‘Understanding The Relationship Between Health And Humidity Is Key To Optimising Indoor Air Quality’
Condair ‘Brand Leader’ Interview Podcast – Transcript to support learning
Every effort has been made to flawlessly transcribe the interview to support learning but please consider the recorded audio of the interview as the actual source of information for learning purposes.
Hi this is Mick de Leiburne for BusinessNet Explorer – and welcome to a special edition of our ‘Brand Leader’ interview series.
Well, due to the COVID pandemic, management of ‘indoor air quality’ – has never been a hotter topic – and there has been – much talk about the need – for ‘increased ventilation’ in buildings – to help combat the spread of viruses. With me today is Dave Marshall-George, UK Sales Director at Condair, who is here to discuss – another important, but less understood aspect of air quality management – that of ‘low indoor humidity’.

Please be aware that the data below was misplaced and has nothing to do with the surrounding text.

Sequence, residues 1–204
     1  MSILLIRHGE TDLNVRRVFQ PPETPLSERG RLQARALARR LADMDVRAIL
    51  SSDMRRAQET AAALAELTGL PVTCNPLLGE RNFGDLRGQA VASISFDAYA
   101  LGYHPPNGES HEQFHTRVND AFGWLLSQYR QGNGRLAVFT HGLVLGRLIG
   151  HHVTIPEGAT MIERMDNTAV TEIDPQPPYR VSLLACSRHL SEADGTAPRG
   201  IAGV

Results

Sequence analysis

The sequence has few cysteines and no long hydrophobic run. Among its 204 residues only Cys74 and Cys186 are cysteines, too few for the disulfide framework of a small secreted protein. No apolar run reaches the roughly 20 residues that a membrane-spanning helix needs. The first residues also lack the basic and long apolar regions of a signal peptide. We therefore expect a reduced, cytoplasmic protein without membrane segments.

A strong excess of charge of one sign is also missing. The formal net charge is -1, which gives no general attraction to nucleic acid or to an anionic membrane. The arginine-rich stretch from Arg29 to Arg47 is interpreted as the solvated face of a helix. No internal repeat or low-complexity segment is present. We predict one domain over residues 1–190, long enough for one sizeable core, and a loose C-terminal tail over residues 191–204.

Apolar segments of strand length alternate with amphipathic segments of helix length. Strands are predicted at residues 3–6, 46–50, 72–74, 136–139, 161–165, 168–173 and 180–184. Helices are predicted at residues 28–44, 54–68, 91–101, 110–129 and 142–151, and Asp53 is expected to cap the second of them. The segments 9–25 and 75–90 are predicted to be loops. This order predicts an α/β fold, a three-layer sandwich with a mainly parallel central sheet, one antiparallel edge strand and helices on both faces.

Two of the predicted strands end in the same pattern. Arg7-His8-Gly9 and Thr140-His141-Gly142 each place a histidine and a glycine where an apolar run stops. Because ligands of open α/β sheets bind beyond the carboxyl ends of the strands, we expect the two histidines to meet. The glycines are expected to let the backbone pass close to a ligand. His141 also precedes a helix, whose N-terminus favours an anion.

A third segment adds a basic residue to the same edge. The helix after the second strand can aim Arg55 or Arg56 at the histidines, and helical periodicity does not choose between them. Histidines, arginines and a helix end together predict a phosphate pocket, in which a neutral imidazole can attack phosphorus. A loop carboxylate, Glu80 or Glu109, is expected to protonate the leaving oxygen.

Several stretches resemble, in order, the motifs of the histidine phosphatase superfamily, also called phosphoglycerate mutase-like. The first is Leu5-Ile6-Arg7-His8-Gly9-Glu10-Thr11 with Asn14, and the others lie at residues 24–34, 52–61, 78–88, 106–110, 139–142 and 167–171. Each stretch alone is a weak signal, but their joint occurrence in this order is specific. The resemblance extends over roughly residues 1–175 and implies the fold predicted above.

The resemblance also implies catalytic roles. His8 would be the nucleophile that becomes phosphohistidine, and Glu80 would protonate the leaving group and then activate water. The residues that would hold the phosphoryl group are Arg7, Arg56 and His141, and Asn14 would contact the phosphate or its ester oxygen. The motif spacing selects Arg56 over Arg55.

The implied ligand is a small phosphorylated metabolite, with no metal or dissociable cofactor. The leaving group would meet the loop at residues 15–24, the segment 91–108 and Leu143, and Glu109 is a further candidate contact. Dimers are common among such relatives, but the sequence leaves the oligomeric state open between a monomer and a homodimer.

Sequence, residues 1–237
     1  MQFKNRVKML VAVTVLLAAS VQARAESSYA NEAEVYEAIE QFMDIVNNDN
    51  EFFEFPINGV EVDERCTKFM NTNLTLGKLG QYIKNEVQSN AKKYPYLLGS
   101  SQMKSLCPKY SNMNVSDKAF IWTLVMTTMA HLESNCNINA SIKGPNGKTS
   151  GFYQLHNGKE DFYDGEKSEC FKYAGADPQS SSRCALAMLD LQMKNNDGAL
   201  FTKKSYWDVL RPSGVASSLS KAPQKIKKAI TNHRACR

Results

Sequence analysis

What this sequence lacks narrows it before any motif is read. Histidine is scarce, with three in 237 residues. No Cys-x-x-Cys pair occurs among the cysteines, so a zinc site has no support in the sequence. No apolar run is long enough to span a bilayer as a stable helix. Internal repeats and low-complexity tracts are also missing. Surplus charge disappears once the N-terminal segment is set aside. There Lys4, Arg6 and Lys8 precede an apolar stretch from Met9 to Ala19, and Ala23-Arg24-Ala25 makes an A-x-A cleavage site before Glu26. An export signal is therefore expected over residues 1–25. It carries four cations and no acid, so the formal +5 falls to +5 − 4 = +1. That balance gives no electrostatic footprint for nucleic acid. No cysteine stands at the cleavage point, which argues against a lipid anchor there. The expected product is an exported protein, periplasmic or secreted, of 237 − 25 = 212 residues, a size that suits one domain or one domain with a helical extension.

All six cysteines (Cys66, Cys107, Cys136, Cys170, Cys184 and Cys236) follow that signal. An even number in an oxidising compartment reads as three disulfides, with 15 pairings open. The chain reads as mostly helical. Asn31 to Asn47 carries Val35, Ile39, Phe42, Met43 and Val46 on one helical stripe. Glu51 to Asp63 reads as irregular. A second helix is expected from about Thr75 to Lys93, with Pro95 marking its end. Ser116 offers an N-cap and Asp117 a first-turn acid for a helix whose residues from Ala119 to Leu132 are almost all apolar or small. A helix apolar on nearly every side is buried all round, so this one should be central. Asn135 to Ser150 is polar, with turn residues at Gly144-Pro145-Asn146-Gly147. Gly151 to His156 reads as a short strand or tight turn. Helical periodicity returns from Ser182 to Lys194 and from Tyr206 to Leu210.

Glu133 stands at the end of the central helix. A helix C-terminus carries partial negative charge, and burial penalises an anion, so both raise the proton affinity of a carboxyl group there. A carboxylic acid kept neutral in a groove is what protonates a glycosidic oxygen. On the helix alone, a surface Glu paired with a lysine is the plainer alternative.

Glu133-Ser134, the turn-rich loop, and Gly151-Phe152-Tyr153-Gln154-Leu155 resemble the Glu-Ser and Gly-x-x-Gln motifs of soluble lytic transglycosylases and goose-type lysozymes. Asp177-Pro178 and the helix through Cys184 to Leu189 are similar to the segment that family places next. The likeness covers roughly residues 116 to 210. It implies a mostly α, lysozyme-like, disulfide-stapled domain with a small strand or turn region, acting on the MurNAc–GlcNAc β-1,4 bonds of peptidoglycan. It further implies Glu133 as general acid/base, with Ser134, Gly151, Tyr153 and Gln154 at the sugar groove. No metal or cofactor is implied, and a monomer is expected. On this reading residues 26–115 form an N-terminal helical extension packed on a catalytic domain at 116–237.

Dave joins us on the phone…
So, Dave, what impact does ‘low humidity’ have – with regards to maintaining a ‘safe indoor environment’?
Hi Mick, thanks for inviting me in to discuss this today.
Well, the humidity level of the air inside our buildings has a great deal of influence over how airborne viruses behave and how our bodies deal with them.
I think most of us are now familiar with the fact that people release viruses in droplets when we talk, breathe or cough. And also the fact that the smaller these droplets are, the longer they float in the air and the further they can travel.
How does the indoor humidity level affect the droplets?
Well, if a room has a low air humidity, below 40%RH, these floating droplets will shrink through increased evaporation. So low indoor humidity results in more droplets small enough to float around in the air, which subsequently increases the risk of infection to anyone in the room.